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Construction
Due to safety and security measures, the east side of the park will be closed to the public until construction of Phase I is complete. Closures include the north entrances at W. 135th Street and S. Ward Cliff Drive and W. 135th Street and S. Beaver Shelter Lane. The south entrance at W. Dennis Avenue and S. Ward Cliff Drive will also be closed. During the closure, the east shoreline, disc golf course, and Beaver Shelter will be inaccessible and unavailable for use.

The west side of the park, including the boat ramp, is open to the public daily from 6 a.m. - 10 p.m. Boats must be off the water by 9 p.m. Lakeshore Drive will remain open through construction.

For construction updates, visit OlatheKS.org/LakeOlathe.

Location
The lake is located between Santa Fe Road and Dennis Avenue at Lakeshore Drive.

Beaver Shelter
Condition for use is first come, first served or reservations are available. View the Shelter Guide or call 913-971-8563. Reserve this shelter online

  • 19 tables with seating for 152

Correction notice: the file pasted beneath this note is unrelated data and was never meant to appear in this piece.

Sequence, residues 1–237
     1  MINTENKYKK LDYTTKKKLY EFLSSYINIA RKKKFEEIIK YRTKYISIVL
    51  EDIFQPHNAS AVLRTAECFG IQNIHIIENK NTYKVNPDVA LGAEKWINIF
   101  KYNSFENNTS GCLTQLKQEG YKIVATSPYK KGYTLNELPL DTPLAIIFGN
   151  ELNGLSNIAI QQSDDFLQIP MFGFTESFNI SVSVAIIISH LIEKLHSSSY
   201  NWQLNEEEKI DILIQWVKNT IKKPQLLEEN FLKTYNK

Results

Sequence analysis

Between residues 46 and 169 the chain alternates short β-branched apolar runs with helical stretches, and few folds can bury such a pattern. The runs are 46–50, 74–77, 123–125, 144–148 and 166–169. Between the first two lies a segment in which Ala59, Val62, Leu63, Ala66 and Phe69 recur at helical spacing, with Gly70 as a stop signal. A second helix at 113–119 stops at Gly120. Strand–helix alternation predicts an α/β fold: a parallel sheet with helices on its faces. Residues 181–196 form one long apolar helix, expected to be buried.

• Two charcoal grills
  • Lights
  • Electricity
  • Portable restrooms

Two Park Shelters
Condition for use is first come, first served.
Each shelter provides:

  • Two tables with seating for 16
  • Two charcoal grills

Amenities

  • Lake Olathe Map
  • Playground
  • Fire ring
  • Two fishing docks
  • Fishing pier provides ADA accessibility
  • Boat ramp
  • Disc golf
History
From September 1953 until March of 1954, a severe drought condition in Olathe forced water to be brought to the City by rail or truck. Olathe’s primary source of water, the “Old” Olathe Lake, now called Cedar Lake, had become not more than a bed of silt. In September of 1953, Olathe put forth plans to build a new and larger water source for the city.

Plans included a 1,500 ft. dam on a lake with 170 surface acres and an average depth of 28.5 ft. and a maximum depth of 60 ft. Total cost of the dam, concrete, access roads and laying pipeline to the water treatment plant was set at $531,243 in October of 1953.  The City of Olathe approved a $590,000 bond issue to build the lake. The lake was formed by damming up Cedar Creek and its drainage basin with an area of approximately 16.9 square miles.
 
Today, Lake Olathe is a 170 acre lake surrounded by a 208 acre community park and was originally dedicated in 1959.

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